documents. The words `income from any source whatever' disclose a legislative policy to
include all income not expressly exempted within the class of taxable income under our
laws. Income means `cash received or its equivalent'; it is the amount of money coming
to a person within a specific time x x x; it means something distinct from principal or
capital. For, while capital is a fund, income is a flow. As used in our income tax law,
`income' refers to the flow of wealth (Madrigal and Paternol vs. Rafferty and Concepcion,
38 Phil. 414 [1918]).

"x x x x x x

"x x x x x x

"The source of an income is the property, activity or service that produced the income.
For the source of income to be considered as coming from the Philippines, it is sufficient
that the income is derived from activity within the Philippines. In BOAC's case, the sale
of tickets in the Philippines is the activity that produces the income. The tickets
exchanged hands here and payments for fares were also made here in Philippine
currency. The situs of the source of payments is the Philippines. The flow of wealth
proceeded from, and occurred within, Philippine territory, enjoying the protection
accorded by the Philippine government. In consideration of such protection, the flow of
wealth should share the burden of supporting the government.

"x x x x x x
"True, Section 37(a) of the Tax Code, which enumerates items of gross income from
sources within the Philippines, namely: (1) interest, (2) dividends, (3) service, (4) rentals
and royalties, (5) sale of real property, and (6) sale of personal property, does not
mention income from the sale of tickets for international transportation. However, that
does not render it less an income from sources within the Philippines.

Section 37, by its language does not intend the enumeration to be exclusive. It merely directs
that the types of income listed therein be treated as income from sources within the Philippines.
A cursory reading of the section will show that it does not state that it is an all-inclusive
enumeration, and that no other kind of income may be so considered (British Traders Insurance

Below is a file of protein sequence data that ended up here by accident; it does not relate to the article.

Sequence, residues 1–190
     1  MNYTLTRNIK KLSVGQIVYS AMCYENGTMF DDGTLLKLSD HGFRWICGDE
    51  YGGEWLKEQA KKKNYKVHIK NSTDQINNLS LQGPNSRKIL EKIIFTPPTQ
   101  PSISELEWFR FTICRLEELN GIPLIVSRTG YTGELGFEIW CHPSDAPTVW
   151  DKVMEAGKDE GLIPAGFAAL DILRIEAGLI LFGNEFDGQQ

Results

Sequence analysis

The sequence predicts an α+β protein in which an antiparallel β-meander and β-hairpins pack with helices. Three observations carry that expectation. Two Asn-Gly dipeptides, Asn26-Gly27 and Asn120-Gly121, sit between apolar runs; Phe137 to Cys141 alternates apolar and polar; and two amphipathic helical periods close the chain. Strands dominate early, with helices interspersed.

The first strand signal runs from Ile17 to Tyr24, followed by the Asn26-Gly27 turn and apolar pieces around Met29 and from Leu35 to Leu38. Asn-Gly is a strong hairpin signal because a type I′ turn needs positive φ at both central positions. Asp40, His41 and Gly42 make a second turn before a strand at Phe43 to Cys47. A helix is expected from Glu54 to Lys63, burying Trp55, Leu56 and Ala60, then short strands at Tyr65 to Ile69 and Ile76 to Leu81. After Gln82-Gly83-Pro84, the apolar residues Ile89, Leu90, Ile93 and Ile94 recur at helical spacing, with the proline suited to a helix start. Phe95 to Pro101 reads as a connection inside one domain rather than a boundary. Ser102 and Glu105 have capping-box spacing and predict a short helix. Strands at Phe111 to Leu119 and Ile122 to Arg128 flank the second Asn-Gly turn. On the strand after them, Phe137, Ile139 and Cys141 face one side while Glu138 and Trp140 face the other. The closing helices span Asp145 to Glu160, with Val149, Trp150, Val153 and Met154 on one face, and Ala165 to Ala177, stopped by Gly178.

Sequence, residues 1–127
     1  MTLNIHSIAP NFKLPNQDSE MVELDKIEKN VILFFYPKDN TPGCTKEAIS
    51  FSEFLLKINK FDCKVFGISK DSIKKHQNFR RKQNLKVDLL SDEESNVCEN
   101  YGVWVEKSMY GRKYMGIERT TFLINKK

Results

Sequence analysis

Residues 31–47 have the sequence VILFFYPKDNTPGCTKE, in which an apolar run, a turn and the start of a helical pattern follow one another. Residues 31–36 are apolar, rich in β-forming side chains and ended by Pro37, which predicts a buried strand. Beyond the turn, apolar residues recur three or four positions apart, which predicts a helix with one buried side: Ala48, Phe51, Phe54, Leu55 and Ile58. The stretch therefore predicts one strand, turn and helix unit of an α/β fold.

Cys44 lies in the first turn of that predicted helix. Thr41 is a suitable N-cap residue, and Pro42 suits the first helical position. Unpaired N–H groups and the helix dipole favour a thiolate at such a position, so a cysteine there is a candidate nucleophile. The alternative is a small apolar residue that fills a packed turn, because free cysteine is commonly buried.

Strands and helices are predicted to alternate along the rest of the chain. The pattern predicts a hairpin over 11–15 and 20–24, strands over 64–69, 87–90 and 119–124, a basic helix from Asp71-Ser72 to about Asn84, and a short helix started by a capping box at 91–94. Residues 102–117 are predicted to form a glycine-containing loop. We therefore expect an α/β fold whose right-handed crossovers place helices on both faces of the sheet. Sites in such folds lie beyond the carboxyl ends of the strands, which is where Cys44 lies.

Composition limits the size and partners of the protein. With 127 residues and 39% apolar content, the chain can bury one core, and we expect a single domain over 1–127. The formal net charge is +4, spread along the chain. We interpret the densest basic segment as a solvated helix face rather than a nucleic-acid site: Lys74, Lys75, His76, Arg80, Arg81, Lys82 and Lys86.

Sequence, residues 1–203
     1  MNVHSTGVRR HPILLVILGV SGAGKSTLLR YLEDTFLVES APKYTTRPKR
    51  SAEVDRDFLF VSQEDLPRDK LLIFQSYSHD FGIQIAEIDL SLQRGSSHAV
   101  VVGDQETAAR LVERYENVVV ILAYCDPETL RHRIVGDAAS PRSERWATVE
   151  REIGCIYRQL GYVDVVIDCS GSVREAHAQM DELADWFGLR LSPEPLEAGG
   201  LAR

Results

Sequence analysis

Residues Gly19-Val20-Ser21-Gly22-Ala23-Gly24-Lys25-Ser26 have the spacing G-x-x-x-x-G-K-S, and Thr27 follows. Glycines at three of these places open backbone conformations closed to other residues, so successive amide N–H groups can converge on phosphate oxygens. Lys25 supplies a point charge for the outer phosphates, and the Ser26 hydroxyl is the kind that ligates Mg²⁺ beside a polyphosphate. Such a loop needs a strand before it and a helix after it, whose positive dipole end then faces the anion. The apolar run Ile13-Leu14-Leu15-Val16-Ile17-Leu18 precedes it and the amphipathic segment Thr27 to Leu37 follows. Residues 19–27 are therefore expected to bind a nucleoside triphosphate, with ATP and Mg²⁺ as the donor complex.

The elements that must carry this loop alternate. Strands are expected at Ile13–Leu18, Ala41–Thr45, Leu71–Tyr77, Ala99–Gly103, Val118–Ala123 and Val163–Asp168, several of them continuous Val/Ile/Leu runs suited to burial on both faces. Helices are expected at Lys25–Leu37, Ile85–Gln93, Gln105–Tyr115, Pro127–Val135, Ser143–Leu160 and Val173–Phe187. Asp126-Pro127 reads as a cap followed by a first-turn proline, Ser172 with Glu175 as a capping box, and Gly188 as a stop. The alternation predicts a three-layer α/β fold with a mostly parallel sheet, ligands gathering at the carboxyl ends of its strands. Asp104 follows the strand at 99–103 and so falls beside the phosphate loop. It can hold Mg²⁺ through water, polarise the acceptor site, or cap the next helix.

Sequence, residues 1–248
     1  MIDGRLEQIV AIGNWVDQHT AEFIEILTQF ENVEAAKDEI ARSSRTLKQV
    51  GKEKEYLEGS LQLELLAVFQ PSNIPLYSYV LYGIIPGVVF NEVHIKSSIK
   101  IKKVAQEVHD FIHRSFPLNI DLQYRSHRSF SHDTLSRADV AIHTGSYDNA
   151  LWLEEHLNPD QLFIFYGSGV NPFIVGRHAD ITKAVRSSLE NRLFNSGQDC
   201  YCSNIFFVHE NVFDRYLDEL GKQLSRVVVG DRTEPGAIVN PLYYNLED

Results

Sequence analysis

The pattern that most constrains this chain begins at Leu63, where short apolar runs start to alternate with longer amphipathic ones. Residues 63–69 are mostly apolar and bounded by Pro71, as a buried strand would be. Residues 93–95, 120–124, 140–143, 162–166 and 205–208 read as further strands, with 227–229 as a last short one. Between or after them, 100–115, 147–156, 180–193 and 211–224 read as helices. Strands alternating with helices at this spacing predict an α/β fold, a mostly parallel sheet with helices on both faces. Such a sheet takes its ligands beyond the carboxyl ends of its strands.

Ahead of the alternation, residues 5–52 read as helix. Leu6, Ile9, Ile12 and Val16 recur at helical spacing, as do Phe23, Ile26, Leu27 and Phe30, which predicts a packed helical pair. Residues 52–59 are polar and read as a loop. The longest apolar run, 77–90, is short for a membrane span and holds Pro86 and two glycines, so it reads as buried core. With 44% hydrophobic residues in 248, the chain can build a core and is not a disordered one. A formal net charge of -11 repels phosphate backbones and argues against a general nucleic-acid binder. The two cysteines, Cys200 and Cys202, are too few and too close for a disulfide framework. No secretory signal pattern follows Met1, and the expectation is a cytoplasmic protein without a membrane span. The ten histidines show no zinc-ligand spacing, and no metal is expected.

Co., Ltd. vs. Commissioner of Internal Revenue, 13 SCRA 719 [1965]).

"x x x x x x

"The absence of flight operations to and from the Philippines is not determinative of the
source of income or the situs of income taxation. x x x The test of taxability is the
`source'; and the source of an income is that activity x x x which produced the income
(Howden & Co., Ltd. vs. Collector of Internal Revenue, 13 SCRA 601 [1965]).
Unquestionably, the passage documentations in these cases were sold in the Philippines
and the revenue therefrom was derived from a business activity regularly pursued within
the Philippines. x x x The word `source' conveys one essential Idea, that of origin, and
the origin of the income herein is the Philippines (Manila Gas Corporation vs. Collector
of Internal Revenue, 62 Phil. 895 [1935])."

The above ruling was adopted en toto in the subsequent case of Commissioner of Internal
Revenue vs. Air India and the Court of Tax Appeals (G.R. No. L-72443, January 29, 1988, 157
SCRA 648) holding that the revenue derived from the sales of airplane tickets through its agent
Philippine Air Lines, Inc., here in the Philippines, must be considered taxable income, and more
recently, in the case of Commissioner of Internal Revenue vs. American Airlines, Inc. and Court
of Tax Appeals (G.R. No. 67938, December 19, 1989, 180 SCRA 274), it was likewise declared
that for the source of income to be considered as coming from the Philippines, it is sufficient that
the income is derived from activities within this country regardless of the absence of flight
operations within Philippine territory.

Verily, JAL is a residentforeigncorporation under Section 84 (g) of the NationalInternalRevenue

Code of1939. Definitionofwhata resident foreign corpora-tion is was likewise reproduced under
Section 20 of the 1977 Tax Code.

The BOAC Doctrine has expressed in unqualified terms:

"Under Section 20 of the 1977 Tax Code:

"(h) the term `resident foreign corporation' applies to a foreign corporation engaged in
trade or business within the Philippines or having an office or place of business therein.

"(i) the term `non-resident foreign corporation' applies to a foreign corporation not
engaged in trade or business within the Philippines and not having any office or place of
business therein."